Why it’s hard to help an addict stop

March 19, 2023 by Joshua
in Addiction

My friend brings addicts to rehab centers in California. He knows hotels where they hole up together doing heroin and such in modern-day equivalents of opium dens. They know him and that he doesn’t pressure them. He knocks on the door. They open it.

He asks, “is anybody ready?”

Meth Addict

Usually they all pass, but sometimes one says, “I am,” and he drives them to rehab. He says that nearly every one, as the car starts moving, suggests one last hit in the bathroom of the doof restaurant down the road. He tells them from experience that if they do, they won’t continue the trip so they keep going.

He described the hotels rooms as other worldly. Pizza boxes and doof wrappers are everywhere. Uneaten pizza is covered with mold. There is urine and other bodily fluids. Spoons, lighters, pipes, and other paraphernalia litter the floor. Roaches, mice, and other vermin abound. Greater than anything else, he tells me, is the stench. He tells me that anyone who isn’t addicted would see these places as disgusting and unlivable.

My exercise to you, the reader, is to imagine these dens from the perspective of the addicts living in them. I recommend considering before reading on. He’s told me and it makes sense, though I wouldn’t have guessed it, and it’s relevant to us in our lives.

The addicts living in these dens connect with them in two main ways. First, they associate the space with the euphoria of their drugs, overriding their sensory experience. They don’t smell the stench or see the vermin or mold. Even when they aren’t taking the drug, the space and everything about it connects them to euphoria. The den feels good.

Second, they associate the space with a like-minded, supportive, nonjudgmental community. Everyone else they know tells them to stop and makes them feel shame or guilt. This group makes them feel understood. Addiction feels like more than the euphoria of the chemical or behavior. It solves a problem. It provides an escape. It supports.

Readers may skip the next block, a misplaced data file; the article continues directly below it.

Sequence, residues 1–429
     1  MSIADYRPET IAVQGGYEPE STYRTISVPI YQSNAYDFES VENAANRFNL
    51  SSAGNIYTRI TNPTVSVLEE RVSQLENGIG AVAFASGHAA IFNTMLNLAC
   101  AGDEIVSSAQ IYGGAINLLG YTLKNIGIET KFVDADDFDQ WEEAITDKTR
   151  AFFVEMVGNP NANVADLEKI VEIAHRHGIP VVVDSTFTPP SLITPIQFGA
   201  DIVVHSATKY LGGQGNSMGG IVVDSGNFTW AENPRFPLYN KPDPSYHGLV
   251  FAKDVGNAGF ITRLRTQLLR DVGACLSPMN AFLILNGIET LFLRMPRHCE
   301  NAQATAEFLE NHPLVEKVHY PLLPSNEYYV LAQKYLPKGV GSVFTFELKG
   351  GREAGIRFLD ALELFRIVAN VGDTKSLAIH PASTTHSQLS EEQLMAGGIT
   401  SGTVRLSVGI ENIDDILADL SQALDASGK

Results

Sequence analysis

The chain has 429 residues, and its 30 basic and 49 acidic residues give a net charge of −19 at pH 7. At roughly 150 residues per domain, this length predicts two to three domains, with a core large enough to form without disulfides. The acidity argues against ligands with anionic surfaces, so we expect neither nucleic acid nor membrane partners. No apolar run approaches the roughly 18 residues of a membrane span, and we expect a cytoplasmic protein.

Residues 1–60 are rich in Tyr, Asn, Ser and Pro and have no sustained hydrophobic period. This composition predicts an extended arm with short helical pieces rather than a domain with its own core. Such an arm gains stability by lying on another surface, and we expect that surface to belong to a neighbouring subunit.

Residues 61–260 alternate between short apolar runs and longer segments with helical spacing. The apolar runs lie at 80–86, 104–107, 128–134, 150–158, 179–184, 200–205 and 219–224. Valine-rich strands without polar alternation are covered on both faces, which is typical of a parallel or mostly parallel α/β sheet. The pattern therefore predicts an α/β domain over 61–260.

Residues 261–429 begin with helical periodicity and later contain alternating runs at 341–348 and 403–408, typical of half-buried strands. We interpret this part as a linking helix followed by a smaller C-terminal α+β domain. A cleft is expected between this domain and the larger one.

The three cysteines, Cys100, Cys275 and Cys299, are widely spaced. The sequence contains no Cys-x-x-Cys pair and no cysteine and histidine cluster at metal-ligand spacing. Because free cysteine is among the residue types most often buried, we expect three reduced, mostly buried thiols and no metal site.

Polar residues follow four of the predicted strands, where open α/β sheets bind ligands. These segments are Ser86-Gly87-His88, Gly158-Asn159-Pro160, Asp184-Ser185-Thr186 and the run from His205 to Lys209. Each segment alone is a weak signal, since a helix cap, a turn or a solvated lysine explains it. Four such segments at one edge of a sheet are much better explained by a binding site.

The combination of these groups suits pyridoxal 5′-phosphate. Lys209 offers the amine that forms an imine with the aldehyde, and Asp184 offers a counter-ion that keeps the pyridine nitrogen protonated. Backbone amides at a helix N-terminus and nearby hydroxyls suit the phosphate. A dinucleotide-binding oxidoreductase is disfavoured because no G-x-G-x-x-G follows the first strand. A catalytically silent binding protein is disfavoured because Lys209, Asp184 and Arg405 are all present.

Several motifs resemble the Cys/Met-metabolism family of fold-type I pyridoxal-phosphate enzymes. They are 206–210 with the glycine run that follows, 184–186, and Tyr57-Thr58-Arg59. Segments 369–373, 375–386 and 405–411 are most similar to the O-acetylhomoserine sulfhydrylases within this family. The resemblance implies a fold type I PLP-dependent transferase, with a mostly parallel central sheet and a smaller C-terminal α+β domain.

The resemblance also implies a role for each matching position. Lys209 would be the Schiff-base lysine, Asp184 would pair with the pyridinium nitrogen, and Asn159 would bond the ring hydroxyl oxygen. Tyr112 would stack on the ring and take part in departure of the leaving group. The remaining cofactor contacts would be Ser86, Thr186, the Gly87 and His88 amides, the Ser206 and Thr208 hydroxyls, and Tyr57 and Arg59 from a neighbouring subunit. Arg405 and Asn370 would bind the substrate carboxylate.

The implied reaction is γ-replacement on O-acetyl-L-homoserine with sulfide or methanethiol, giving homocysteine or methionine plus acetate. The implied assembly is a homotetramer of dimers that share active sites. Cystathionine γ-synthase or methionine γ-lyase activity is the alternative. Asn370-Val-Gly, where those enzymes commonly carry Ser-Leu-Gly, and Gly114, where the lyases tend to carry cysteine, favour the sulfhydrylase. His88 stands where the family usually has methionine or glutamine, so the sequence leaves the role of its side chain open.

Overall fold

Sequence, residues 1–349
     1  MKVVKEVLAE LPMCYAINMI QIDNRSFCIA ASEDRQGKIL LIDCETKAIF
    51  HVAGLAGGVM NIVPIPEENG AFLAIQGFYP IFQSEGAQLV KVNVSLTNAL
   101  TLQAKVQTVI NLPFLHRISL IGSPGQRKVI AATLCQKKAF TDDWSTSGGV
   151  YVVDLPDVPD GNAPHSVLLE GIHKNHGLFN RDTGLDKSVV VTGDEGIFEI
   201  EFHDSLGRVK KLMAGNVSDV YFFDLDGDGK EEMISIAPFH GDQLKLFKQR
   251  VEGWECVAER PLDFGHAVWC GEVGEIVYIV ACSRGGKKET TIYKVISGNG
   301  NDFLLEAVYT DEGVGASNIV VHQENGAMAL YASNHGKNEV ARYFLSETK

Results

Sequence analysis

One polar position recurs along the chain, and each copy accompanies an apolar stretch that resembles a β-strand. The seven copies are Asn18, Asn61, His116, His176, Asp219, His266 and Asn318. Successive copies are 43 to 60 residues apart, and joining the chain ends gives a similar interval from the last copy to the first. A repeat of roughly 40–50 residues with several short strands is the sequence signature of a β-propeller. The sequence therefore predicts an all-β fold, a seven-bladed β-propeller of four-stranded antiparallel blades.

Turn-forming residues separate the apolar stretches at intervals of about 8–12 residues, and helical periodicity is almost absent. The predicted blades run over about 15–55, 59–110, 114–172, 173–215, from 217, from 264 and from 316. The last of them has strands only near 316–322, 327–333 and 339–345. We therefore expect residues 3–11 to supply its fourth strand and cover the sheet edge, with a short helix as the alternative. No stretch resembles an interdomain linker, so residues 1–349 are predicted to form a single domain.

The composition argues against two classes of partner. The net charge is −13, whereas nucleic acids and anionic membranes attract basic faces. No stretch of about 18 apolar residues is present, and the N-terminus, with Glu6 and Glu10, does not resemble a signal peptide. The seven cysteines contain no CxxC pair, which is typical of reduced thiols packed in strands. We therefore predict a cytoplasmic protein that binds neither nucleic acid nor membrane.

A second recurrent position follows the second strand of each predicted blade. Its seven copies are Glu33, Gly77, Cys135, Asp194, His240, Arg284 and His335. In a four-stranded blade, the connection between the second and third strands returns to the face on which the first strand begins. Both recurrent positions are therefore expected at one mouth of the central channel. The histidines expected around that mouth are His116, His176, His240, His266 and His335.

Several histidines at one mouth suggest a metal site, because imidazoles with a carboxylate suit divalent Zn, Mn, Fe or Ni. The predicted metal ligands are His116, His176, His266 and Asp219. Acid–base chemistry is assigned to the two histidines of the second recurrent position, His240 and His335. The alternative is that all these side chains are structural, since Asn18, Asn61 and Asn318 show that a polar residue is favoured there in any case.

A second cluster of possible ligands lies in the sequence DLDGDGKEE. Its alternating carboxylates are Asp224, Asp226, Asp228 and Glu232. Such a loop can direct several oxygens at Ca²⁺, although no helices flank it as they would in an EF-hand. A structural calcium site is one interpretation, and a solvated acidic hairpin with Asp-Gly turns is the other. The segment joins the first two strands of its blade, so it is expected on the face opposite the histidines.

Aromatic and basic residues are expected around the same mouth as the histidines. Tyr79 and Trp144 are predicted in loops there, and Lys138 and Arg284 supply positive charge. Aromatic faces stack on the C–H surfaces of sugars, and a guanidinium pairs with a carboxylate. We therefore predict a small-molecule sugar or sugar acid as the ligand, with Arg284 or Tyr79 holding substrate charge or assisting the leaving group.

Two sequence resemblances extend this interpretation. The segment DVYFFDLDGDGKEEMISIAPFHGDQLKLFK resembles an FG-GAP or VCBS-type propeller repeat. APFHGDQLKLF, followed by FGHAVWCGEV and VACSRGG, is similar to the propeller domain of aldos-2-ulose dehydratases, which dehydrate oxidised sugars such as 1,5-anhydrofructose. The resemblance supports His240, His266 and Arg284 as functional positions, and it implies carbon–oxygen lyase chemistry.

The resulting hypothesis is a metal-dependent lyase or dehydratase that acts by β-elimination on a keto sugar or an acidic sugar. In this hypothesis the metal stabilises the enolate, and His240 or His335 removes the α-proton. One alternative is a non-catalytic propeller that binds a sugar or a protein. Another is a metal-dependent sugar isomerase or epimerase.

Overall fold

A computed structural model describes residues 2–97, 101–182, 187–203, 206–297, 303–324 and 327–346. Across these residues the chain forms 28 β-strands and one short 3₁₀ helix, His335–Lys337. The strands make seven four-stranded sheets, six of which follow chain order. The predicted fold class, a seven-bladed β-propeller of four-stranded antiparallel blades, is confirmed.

The object of one’s addiction feels warm, essential, supportive, kind, and understanding. It feels like family. The prospect of losing it feels like losing warmth, the essence of life, support, kindness, and understanding. It feels like losing family. An addict will cling to that object as if to the things it represents, however wretched it seems from the outside.

A relative of one of them, say a parent, who didn’t empathize would see their child in a wretched place with wretched people. It would seem the height of obvious and a clear sign of caring to point out this wretchedness, tell them they could do better, and encourage them to escape.

How would this encouragement sound to them? It would sound like asking them to give up their best friend, or like kicking their baby in the face. Even if intellectually they know they can do better without it, the prospect of parting with it feels like parting with their deepest value.